Almost all cannabis on UK streets is ‘super-strength’ skunk
New study finds ‘high-risk’ strain accounted for 94% of police seizures of drug in 2016
Almost all of the cannabis being illegally sold in the UK is super-strength sinsemilla, otherwise known as skunk, a new study has found.
Researchers from King’s College London analysed 995 samples seized by police in Kent, Derbyshire, Merseyside, Sussex and London, the BBC reports. They found that skunk accounted for 94% of cannabis seizures in 2016, compared with 85% in 2008, and 51% in 2005.
Experts are warning of “potential mental health risks” associated with the high-potency marijuana, says Sky News. According to the most recent figures available, there were 7,545 hospital admissions in 2016-17 for “drug-related mental health and behavioural disorders” - a 12% increase from 2006-07, The Daily Telegraph reports.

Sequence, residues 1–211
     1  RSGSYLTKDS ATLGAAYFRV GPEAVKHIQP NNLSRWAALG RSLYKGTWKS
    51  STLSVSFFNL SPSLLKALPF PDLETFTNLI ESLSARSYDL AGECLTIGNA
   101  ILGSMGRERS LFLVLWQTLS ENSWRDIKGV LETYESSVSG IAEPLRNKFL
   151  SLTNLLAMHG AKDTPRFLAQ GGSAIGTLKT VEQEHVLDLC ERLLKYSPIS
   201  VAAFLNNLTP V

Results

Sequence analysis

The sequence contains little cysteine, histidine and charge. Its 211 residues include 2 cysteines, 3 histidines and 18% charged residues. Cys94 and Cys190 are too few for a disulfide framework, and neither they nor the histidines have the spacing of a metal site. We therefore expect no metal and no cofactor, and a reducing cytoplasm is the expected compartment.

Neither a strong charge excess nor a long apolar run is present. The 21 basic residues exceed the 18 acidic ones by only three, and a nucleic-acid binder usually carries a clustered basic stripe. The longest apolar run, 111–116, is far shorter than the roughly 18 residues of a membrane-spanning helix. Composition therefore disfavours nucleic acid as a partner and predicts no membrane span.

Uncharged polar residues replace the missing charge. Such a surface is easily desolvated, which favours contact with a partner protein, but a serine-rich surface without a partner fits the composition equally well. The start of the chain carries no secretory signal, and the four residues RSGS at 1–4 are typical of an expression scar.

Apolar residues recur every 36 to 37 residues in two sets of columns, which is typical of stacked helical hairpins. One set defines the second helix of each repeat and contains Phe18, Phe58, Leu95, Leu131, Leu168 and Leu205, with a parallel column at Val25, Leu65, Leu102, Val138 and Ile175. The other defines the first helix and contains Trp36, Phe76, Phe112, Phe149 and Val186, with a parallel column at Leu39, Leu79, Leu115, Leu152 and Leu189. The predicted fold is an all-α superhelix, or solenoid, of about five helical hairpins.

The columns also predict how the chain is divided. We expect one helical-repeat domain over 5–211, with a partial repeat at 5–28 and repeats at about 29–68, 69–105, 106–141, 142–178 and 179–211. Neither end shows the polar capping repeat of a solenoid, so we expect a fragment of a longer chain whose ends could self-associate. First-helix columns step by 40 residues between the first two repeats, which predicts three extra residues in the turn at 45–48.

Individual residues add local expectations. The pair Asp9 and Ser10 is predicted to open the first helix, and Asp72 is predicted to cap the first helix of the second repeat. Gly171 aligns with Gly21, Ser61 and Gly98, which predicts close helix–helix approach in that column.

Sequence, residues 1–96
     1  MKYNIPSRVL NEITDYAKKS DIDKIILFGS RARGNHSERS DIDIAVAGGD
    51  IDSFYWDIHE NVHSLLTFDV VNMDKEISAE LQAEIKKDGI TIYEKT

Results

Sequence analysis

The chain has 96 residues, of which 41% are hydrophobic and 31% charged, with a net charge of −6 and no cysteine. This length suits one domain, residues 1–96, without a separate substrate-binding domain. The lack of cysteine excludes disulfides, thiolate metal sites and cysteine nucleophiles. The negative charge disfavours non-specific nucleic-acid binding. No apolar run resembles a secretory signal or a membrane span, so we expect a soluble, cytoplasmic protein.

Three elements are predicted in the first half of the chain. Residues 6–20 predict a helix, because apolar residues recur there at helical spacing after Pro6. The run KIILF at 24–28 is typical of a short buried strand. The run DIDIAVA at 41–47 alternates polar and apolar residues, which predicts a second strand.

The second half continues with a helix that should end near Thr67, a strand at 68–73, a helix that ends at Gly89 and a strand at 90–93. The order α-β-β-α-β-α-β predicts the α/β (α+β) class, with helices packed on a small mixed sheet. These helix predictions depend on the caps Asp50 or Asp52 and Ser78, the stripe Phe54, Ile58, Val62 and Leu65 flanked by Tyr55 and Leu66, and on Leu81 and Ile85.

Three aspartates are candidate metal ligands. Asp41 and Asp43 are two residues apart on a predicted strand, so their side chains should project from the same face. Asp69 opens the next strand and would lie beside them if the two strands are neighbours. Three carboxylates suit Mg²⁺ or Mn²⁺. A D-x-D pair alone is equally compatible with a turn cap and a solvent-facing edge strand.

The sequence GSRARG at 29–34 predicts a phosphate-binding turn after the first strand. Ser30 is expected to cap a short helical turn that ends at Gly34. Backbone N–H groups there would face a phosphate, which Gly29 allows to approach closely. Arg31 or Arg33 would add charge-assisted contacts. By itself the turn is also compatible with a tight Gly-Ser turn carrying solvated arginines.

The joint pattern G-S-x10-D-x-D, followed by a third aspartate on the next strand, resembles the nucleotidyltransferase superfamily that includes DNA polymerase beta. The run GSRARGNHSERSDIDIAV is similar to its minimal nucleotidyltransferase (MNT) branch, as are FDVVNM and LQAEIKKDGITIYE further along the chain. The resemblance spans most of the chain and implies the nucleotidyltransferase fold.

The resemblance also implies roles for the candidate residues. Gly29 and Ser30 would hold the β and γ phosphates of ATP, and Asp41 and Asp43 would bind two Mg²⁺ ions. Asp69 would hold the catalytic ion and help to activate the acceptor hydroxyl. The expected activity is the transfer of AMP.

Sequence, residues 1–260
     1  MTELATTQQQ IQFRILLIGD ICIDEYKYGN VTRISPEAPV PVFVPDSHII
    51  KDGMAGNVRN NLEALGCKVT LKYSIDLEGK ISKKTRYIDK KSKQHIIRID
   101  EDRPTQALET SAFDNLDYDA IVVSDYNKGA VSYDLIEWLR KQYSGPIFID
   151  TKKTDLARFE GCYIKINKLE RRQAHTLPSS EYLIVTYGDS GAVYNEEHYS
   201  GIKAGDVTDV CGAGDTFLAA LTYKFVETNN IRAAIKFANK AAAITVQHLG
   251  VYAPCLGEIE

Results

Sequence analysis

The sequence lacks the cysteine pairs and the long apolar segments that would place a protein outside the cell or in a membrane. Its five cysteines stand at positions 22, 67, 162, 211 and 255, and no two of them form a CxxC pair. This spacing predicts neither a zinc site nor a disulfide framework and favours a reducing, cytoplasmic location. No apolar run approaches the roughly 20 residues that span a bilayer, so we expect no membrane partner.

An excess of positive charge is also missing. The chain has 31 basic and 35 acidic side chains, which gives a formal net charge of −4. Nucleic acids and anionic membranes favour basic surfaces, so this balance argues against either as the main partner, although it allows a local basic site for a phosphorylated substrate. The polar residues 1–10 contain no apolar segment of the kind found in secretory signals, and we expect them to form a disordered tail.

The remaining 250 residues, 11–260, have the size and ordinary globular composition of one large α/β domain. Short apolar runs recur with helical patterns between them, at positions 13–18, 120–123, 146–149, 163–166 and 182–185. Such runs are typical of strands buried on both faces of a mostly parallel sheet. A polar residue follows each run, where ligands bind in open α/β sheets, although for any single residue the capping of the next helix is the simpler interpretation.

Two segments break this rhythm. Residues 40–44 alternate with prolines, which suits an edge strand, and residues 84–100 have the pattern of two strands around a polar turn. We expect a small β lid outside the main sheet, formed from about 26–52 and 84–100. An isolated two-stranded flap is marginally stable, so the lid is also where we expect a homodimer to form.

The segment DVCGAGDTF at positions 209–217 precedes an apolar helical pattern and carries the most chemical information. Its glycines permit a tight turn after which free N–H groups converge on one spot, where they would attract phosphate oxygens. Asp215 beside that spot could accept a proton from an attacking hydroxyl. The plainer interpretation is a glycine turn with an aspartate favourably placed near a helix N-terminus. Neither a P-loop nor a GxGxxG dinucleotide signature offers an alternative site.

Lead study author Dr Marta Di Forti, Medical Research Council clinician scientist at King’s College London, said: “In previous research we have shown that regular users of high-potency cannabis carry the highest risk for psychotic disorders, compared to those who have never used cannabis.
“The increase of high-potency cannabis on the streets poses a significant hazard to users’ mental health, and reduces their ability to choose more benign types.”
Cannabis is now the most commonly used drug in England and Wales, with 6.6% of people aged 16 to 59 - 2.2 million people - having used it in the past year, according to Home Office statistics.